The Chinese Dream
Contagious attended the launch of BrandZ's latest reports on China: 'The Power and Potential of The Chinese Dream' along with the 2014 BrandZ™ Top 100 Most Valuable Chinese brands. The reports are based on original research by WPP companies, including research agency Millward Brown.
The Rt Hon Michael Fallon MP, Minister of State for Business and Energy, spoke about China’s transition from being an export and investment-led economy to one that is consumer-led and stated how important this is for UK business.
Next up was Martin Sorrell, WPP's CEO. ‘The Chinese economy is not emerging, it’s merged’ said Sorrell. He highlighted Chinese local brands as benefitting from great awareness and distribution, but lacking customer loyalty. By contrast, foreign brands in China suffer from poor awareness and distribution, but retain great loyalty amongst their Chinese consumers. Foreign brands’ price points are too high, while home-grown brands are too cheap. When it comes to local and foreign brands in China, ‘there is a battle taking place’ said Sorrell.
Professor Peter Nolan of Cambridge University then enlightened the audience about how the Chinese see Britain and its history. According to Nolan, the Chinese wonder why they didn’t have their own version of our industrial revolution and why they chose not to colonise and the British did. European history appears to be very violent and war-torn to the Chinese and their bureaucratic military operates differently to the British.
Millward Brown's Doreen Wang followed, presenting key statistics from the BrandZ Top 100 research of the most valuable Chinese brands. The top brands 10 in the study, including Tencent, China Mobile and Baidu achieved almost 100% growth in their stock market performance over past four years, while the top 50 had more than 30% growth. 71% of the brands in the top 100 were launched after the Chinese reform in 1978.
Wang introduced presentations from three of the top 100 companies, including Hisense, China’s no1 TV brand (also a manufacturer of fridges, smartphones, tablets and air conditioners), Mengnui, the leading dairy brand in China, and China's answer to Expedia, Ctrip. Former hotel group founder and Ctrip's chairman Mr Ji Qi belives that his success was down to the immense opportunity offered by the population of China (Ctrip was founded in 1999 and is currently worth $718m).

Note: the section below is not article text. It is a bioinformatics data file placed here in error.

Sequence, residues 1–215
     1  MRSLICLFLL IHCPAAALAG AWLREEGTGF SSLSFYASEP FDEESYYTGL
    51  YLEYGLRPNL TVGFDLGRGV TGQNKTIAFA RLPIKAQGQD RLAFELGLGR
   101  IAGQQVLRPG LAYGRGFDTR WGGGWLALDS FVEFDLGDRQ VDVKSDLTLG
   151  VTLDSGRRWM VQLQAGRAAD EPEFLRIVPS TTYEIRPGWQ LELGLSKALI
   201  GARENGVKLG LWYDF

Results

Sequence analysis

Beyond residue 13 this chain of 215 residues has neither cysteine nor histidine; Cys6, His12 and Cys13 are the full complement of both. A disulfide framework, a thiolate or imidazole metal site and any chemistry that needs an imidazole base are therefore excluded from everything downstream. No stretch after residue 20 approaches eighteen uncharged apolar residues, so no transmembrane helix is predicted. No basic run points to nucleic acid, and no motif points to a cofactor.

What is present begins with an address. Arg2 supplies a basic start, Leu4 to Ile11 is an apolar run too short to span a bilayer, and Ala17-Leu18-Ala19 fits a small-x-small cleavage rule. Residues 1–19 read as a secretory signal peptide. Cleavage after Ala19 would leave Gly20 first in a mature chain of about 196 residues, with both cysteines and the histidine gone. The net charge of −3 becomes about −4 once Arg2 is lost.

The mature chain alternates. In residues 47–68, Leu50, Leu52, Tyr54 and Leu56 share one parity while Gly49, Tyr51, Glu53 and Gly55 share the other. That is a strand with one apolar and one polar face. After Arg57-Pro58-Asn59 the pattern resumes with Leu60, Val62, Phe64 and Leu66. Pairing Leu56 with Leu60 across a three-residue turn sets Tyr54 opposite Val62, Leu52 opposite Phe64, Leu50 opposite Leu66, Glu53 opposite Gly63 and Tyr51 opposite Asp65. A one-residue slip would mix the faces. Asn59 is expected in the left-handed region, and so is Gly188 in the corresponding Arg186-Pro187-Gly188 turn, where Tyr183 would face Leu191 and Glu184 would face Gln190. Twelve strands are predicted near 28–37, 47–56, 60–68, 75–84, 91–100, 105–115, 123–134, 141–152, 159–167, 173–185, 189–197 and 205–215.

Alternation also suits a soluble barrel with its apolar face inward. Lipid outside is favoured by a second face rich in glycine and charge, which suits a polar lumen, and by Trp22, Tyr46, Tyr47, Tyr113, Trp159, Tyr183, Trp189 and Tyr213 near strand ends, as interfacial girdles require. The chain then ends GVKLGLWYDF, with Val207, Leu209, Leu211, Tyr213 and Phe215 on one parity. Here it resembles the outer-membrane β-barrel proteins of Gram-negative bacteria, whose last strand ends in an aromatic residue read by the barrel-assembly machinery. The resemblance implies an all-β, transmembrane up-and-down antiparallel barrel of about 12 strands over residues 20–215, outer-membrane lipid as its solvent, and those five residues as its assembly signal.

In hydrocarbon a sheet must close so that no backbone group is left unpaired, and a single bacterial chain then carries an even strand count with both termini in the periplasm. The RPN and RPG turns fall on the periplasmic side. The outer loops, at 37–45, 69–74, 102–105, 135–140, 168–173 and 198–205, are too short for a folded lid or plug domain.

David Roth, CEO of The Store WPP, FITCH Chairman and CCO Tim Greenhalgh and Doreen Wang then wrapped up, sharing ideas on the 'Chinese dream'. Roth discussed how citizens' dreams and aspirations in China had previously involved the State, whereas the current dream is more focussed on the individual. Wang said that from their research, 70% of Chinese were confident that the dream will be realised. However, 85% showed concern for environmental damage and 83% for food safety. Greenhalgh discussed the country's love of shopping and recommended that brands help consumers ‘indulge in idle fantasy’ because the Chinese want to dream. He also explained that there is a perfect balance in China between online and in store retail: the Chinese don’t see the physical and digital as divided.
Lord Wei of Shoreditch concluded the event. ‘As China slows down is it game over? No, by no means. There is a slower momentum but greater emphasis on quality’. He finished by calling for UK business to reflect: at what point will we start to see Chinese dream as part of our dream? How should we react and how do we work together?